Rising temperatures are endangering life in the Arab world, causing water scarcity in Jordan and deadly heat waves in the Gulf states.
Climate change is a difficult subject with enormous ramifications for the Global South, which should be common knowledge by now. Climate disasters would cost the majority of Small Island Developing States (SIDS) up to 100 percent of their GDP by 2030. Similarly, Africa's 54 countries will bear some of the greatest repercussions of global warming, despite being the least responsible for the crisis, accounting for less than 4% of global greenhouse-gas (GHG) emissions.
Rising temperatures are also endangering life in the Arab continent, with Jordan experiencing water constraint and the Gulf countries experiencing terrible heat waves. The need for significant regional and global reform was one of the primary reasons Egypt hosted last year's United Nations Climate Change Conference (COP27), and the UAE will host this year's meeting. In preparation for COP28, which will take place in Dubai in November and December, the UAE has committed to having open and honest dialogue with everyone to ensure the success of the conference.
The UAE chose Sultan Al Jaber as the COP28 president-designate, building on its strategic determination to promote and invest in renewables, conservation, and climate technologies. Al Jaber is the managing director and group CEO of Abu Dhabi National Oil Company, in addition to being the chairman of Masdar - the global renewable energy company, with its flagship Masdar City housing the International Renewable Energy Agency - and the minister of industry and advanced technology.
Accelerating climate action, addressing the problems of the energy transition, and sustaining global oil demand must all be tackled thoroughly. Recognising this reality, the UAE has appointed someone with substantial expertise in renewable energy projects, as a special envoy for climate change, and in positions responsible for decreasing industrial emissions to monitor the negotiations.
Global warming is a complex problem that necessitates sophisticated solutions involving the knowledge of specialists from a wide range of professions. A small but vocal number of lawmakers and activists in the United States and Europe have questioned why an "oil executive" is organising COP28. Many of these policymakers are adamant about turning climate negotiations into a zero-sum game.
They appear to view the battle against global warming as a political stick to wield, rather than a global imperative requiring close collaboration, by diverting attention away from the task of delivering serious climate solutions and instead focusing on Al Jaber's appointment. Their demand was not motivated by wrongdoing or a lack of dedication to the task, but rather by a desire to score political points at the expense of a global effort to combat climate change while maintaining economic growth.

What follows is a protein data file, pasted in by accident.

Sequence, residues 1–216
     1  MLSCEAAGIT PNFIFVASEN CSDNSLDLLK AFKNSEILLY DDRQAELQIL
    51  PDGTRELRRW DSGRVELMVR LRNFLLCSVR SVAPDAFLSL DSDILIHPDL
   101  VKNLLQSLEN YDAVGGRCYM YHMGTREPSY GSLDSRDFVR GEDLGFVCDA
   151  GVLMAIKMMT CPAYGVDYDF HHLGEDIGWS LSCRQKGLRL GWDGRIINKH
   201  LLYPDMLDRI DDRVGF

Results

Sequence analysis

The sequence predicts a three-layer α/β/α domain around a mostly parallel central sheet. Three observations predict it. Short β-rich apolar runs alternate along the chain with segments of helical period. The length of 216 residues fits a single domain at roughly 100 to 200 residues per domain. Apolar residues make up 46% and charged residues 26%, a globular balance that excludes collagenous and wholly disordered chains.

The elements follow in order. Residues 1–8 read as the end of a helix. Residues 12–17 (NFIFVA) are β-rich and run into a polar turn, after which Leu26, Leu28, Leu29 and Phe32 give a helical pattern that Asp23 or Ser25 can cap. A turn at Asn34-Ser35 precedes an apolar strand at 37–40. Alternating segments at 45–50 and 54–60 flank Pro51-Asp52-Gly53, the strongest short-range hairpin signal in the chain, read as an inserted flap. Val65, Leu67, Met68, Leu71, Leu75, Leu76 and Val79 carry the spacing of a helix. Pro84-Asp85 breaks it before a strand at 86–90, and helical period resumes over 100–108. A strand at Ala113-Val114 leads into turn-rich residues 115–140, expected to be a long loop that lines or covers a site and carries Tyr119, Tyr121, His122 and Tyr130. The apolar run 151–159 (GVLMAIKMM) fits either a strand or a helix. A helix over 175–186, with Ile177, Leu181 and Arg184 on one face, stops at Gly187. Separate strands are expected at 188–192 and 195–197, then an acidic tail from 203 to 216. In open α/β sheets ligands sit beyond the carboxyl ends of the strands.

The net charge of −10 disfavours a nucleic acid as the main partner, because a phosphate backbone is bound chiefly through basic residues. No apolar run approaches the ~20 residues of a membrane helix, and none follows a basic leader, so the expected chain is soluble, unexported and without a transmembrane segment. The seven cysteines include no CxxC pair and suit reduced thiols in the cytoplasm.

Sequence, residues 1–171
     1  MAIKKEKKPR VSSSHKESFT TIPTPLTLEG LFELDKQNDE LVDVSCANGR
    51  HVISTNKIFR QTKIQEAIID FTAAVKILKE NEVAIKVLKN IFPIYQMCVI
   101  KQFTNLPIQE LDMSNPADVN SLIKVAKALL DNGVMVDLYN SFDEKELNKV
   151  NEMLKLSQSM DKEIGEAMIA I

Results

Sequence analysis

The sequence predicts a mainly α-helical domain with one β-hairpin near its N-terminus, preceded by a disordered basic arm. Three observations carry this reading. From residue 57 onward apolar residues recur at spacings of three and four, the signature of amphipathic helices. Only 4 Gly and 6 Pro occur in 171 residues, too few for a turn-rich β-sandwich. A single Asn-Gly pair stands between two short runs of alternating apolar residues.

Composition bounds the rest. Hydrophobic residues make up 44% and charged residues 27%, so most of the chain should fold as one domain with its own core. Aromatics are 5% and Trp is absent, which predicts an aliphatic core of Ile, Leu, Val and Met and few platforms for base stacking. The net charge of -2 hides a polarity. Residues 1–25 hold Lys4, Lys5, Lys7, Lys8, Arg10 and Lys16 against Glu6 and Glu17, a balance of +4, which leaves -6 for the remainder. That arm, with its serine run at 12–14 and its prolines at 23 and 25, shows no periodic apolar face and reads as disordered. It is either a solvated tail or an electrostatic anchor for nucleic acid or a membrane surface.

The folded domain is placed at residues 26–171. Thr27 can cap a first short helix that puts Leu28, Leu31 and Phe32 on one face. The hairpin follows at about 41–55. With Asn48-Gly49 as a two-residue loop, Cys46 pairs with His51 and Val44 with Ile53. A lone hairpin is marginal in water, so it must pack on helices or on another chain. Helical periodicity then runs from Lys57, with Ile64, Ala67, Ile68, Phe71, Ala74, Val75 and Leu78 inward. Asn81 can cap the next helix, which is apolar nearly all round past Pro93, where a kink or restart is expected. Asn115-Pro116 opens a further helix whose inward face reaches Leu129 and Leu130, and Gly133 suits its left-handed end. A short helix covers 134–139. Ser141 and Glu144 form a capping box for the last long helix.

Legislators should strive to achieve the best possible outcomes for their constituents and children, rather than embracing policies based on political biases without making any meaningful effort to engage. Worse, US and European politicians are urging international intervention in a sovereign decision, the latest in a long history of Western efforts to impose their will on governments in the Global South for domestic political advantage.
Furthermore, the inclination to dictate policy solutions to nations in the Global South, which are frequently the hardest afflicted by climate change and have faced injustice after injustice, including colonisation and resource extraction, is expanding the divide between approaches to global warming. Climate action must be balanced with the need to create economic opportunity for billions of people in emerging economies such as China and India.
Nonetheless, both China and India have made significant investments in climate mitigation and adaptation, with China developing the world's largest capacity for manufacturing and deploying renewables. Since 2017, the two countries have installed more than 40% of the world's new solar and wind capacity each year, making them the global leaders in solar and wind capacity.
Consumption of fossil fuels continues in China and India, as it does globally, but has been reduced from 96 percent to an average of 83 percent of total consumption in both countries. China and India, with nearly three billion people between them, are among the world's largest and fastest-growing economies; their needs cannot be ignored.
The same politicians who are lecturing sovereign states on how to handle climate policy appear to have forgotten that the United States and Europe are responsible for the vast bulk of historic emissions. Rather than intervening in the decision-making processes of countries committed to climate action, they should put pressure on their own governments to meet their pledges.
Currently, the United States and Europe are building their own fossil-fuel infrastructure while failing to contribute significantly to internationally agreed-upon money for climate change mitigation. The UK has announced the opening of its first new coal mine in 30 years, while Germany has resurrected or prolonged the lifetimes of at least 20 coal-fired power plants.
Any debate of the energy transition demands nuance and a true commitment to collaborative action. But that is untenable when certain politicians are more concerned with building a name for themselves with memorable sound bites. The global community has broadly agreed on the importance of reducing GHG emissions. We cannot allow a minority to modify the problem's narrative and, as a result, limit momentum.
The climate catastrophe is real, as is the political theatre that prevents tangible and practical remedies from being implemented. If we are to confront global warming before it is too late, we must resist the traps of conflict and distraction.